Tetrapod Zoology

Archives for January, 2010

Ahh, life is sweet

I have to take a break. I may be gone for some time… I may not. Here are some cool photos.

2009, a year of Tet Zooery

So, if you read the previous article, you’ll know that we’re here because Tet Zoo was four years old on January 21st. In that article, I got as far as discussing blog-relevant events that happened up to the end of May or so. Time to crack on…

Tet Zoo = 4 years old today

Today is January 21st which means, believe it or don’t, that it’s Tet Zoo’s birthday, the 4th no less. Holy crap… have I really been blogging for four years? Yikes, and there is still so much to do, so little ground I’ve covered. This is despite more than 635 (count ‘em) Tet Zoo articles here…

What to make of the Yowie?

Like many people interested in cryptozoology (the study of animals – or alleged animals – known only from anectodal evidence), I’m of the opinion that the Australian Yowie is one of the most problematic of mystery beasts. It is, in fact, so ridiculous and inconvenient that it’s difficult to take seriously. As if sasquatch, yeti…

Giant African softshells – wow!

If you’re a long-time Tet Zoo reader you might remember the article about giant Asian softshell turtles from November 2007. That article – which mostly focused on the several Chitra species – was colourfully titled ‘The goat-eating hot water bottle turtles’. As you may recall, the ‘goat-eating’ bit was inspired by a comment made in…

Tone and I recently went to see Avatar. I’ve been reading up on the movie for months and was really looking forward to seeing it. I mostly liked it, though did think it was a bit clich├ęd and predictable. But I’m not here to talk about storylines and plot devices… you want to know about…

Help identify the snake. Please.

Can you identify this South American snake? The photo comes courtesy of Paul Nicholas, who spotted the snake (which was about 1 m long) while it was crossing a river below the Great Falls and King George Falls in the (mostly unexplored) upper Essequibo region of Guyana. The strange-looking lumps are water drops. Paul’s guides…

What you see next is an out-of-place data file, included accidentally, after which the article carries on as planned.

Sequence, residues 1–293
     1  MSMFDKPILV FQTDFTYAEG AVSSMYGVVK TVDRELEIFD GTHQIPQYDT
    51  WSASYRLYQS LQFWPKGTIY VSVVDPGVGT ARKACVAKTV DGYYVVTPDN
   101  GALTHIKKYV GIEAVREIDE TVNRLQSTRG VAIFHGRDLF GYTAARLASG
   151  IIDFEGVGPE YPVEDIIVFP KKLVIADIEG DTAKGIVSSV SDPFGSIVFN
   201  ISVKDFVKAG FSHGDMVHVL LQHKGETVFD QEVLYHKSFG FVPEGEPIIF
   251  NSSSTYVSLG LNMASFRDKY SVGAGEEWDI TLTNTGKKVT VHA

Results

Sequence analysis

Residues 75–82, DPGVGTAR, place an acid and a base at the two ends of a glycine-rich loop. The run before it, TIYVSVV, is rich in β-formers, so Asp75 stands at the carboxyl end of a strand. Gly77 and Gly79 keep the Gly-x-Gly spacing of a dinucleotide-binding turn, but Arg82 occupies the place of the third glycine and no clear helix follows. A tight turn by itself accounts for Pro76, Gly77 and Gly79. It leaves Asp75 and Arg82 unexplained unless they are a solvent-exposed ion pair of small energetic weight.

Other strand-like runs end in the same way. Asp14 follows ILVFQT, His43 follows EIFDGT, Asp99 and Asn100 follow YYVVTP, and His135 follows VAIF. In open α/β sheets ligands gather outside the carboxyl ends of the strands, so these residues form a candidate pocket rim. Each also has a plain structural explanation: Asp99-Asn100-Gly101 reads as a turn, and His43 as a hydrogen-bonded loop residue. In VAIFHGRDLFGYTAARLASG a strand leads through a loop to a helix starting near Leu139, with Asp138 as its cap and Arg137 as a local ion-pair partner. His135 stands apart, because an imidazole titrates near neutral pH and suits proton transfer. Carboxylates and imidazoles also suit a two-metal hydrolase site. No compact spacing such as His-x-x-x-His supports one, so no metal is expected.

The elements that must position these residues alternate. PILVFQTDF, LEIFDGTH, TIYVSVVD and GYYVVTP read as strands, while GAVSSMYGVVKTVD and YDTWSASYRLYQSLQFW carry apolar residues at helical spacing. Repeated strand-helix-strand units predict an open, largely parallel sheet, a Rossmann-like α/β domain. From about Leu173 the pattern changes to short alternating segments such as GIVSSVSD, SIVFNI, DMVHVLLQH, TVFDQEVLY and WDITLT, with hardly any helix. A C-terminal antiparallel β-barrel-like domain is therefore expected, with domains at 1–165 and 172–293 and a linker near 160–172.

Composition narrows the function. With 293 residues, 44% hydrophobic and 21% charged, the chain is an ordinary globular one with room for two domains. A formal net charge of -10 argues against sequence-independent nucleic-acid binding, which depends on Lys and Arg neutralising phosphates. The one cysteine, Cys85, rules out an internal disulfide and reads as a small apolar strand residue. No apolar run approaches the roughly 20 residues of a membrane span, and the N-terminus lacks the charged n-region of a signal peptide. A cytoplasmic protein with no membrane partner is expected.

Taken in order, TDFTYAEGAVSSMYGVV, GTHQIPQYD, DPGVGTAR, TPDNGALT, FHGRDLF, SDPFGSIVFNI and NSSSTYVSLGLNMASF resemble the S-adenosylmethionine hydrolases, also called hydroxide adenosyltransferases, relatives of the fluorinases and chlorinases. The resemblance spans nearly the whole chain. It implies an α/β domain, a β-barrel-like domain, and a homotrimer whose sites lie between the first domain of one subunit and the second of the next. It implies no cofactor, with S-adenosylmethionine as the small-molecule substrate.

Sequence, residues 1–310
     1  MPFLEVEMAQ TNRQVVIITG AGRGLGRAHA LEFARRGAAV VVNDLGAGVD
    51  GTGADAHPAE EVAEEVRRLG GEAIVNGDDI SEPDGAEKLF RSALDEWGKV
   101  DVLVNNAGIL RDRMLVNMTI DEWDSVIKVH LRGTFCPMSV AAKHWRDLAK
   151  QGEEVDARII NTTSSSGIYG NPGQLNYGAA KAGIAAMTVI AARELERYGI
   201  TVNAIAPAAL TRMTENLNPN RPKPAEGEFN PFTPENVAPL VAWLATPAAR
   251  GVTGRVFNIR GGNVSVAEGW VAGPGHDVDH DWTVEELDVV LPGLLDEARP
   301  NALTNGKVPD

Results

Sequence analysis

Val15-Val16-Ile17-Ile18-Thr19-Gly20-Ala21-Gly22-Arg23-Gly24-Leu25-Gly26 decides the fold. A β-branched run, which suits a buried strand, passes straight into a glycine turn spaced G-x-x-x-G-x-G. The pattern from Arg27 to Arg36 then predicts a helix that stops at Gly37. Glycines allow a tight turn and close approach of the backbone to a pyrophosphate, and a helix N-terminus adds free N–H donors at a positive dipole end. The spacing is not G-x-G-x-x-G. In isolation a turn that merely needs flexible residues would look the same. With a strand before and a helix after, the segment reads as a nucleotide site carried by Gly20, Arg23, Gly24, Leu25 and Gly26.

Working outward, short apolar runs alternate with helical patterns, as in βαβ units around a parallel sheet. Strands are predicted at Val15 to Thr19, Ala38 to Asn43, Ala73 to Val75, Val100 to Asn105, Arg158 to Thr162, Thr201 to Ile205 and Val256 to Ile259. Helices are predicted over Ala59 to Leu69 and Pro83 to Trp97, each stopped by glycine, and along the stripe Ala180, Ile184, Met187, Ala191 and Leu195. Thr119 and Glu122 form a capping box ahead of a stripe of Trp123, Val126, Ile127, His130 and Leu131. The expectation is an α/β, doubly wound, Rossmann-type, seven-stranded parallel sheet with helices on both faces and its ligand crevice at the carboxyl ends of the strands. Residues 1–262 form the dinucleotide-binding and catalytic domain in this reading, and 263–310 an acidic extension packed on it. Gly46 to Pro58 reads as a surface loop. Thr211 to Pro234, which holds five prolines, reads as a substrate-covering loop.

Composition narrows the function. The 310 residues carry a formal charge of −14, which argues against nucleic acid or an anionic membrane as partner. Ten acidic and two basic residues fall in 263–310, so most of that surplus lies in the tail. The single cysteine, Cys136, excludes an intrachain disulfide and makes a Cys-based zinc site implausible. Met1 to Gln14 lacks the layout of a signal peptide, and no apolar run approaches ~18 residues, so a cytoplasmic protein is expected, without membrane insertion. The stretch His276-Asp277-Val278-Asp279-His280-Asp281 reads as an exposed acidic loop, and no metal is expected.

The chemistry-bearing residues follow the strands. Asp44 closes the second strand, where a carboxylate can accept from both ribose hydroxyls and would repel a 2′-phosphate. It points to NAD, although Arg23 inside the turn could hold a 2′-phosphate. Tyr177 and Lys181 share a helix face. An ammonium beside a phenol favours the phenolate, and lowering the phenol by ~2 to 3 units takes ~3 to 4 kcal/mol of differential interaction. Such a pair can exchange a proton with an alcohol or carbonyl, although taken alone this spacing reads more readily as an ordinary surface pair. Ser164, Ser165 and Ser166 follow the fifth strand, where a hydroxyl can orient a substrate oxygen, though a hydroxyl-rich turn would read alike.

Today see the launch of an outstanding new website devoted entirely to pterosaurs, the flying reptiles of the Mesozoic. What makes the site different from many specialist sources on the internet is that it was created, written and designed by specialists in the field. As such, it should prove an invaluable resource. I’ll try and…

A stocky, medium-sized (up to 2 m long) and poorly known elapid with notably small eyes, Micropechis ikaheka – the Small-eyed or Ikaheka snake – is the only recognised member of its genus*. It’s unique to New Guinea and some of the surrounding islands [adjacent image from Warrell et al. (1996)].

Biggest sauropod ever (part…. II)

By popular demand… it’s the second part of the old, old, old (ver 1) article I wrote in 2006 on the obscure and poorly known mega-sauropod Amphicoelias fragillimus. Be sure to read part I first. So, A. fragillimus was described in 1878 on the basis of an incomplete but enormous dorsal vertebra and the distal…